Some of these tales are longer than others and I have not gone back and done the  math, but I suspect the average story is about 600 words, so for 60 of these documents, that means I have written about 36,000 words, which kind of blows my mind, especially with more to go. That seems like a lot of work to me, and it is, at least compared to what I have previously done for just one project, but it has not felt like work. I guess that is because it is a personal project and I can take my time doing it, with no hard-set deadlines. It is still enjoyable to me. I know many people like to refer to soldiers as ‘heroes,” and i understand that, but these men (and 1 woman) were just normal people too, with normal families, lives, and occasionally recorded problems. There are many good stories waiting to be found and shared.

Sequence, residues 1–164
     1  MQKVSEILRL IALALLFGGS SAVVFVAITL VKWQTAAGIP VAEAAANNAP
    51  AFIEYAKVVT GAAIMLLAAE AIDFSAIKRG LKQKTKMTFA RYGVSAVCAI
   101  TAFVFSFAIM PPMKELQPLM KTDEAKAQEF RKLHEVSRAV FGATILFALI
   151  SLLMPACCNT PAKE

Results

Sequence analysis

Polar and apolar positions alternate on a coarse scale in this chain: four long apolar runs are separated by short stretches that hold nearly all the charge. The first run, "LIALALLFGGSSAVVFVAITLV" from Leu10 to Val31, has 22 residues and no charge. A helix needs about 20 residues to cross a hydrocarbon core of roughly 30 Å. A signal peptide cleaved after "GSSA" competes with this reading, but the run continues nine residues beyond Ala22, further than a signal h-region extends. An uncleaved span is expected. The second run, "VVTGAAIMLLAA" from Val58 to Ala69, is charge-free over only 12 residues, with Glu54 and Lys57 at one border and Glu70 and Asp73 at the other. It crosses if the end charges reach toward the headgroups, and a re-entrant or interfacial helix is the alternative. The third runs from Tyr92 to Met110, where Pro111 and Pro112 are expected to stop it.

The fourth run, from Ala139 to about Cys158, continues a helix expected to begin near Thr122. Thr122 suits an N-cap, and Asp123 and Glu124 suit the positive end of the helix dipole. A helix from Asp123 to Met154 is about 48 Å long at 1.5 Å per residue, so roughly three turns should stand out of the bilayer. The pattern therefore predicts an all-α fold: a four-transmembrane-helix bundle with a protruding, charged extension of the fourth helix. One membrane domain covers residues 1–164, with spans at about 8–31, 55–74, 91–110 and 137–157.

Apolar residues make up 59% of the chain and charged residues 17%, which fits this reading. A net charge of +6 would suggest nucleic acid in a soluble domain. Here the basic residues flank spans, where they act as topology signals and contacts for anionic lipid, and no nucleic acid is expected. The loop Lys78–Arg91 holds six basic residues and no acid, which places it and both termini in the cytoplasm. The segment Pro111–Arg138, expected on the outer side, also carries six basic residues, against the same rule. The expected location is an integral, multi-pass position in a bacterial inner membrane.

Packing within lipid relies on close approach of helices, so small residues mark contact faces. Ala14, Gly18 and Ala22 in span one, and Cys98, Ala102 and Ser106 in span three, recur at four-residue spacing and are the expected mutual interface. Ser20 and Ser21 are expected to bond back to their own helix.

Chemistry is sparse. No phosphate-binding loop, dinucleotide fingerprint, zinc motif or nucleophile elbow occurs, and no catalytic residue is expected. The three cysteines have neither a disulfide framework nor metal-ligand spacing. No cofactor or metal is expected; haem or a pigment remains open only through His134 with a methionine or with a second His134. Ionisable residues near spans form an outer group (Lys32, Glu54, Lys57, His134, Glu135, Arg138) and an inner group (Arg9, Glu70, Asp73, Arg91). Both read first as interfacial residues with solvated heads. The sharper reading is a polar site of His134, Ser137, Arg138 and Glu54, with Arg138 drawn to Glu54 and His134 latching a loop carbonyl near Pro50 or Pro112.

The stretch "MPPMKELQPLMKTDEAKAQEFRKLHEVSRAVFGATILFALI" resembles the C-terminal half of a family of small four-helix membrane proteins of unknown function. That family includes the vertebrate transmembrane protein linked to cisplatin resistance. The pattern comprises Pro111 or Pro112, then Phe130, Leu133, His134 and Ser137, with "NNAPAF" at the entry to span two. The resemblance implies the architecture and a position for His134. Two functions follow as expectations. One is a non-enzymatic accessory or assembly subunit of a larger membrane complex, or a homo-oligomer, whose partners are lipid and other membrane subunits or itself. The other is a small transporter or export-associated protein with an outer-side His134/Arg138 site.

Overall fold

I have also started experimenting with an idea for a website where I could upload the list of names, their military information and their genealogical data, but my web-designing knowledge is even more miniscule than I realized, even using WordPress or Wix. I'll probably keep trying this again soon, but finding the information and writing the stories are my bigger priorities right now.

Thursday, April 8, 2021

My Genealogical Connection to Dr. Samuel Mudd

The most surprising find I have (I started to say recently, but maybe I should state ever)  made in my family history research, especially as it relates to the Civil War, is a distant tie to a (rightly or wrongly) infamous person of the era, Dr. Samuel Mudd, who was convicted for helping John Wilkes Booth after the actor had assassinated President Lincoln. Mudd escaped the death penalty by one vote and some of his descendants are still fighting to clear his name today, believing he was not part of the conspiracy to kill Lincoln.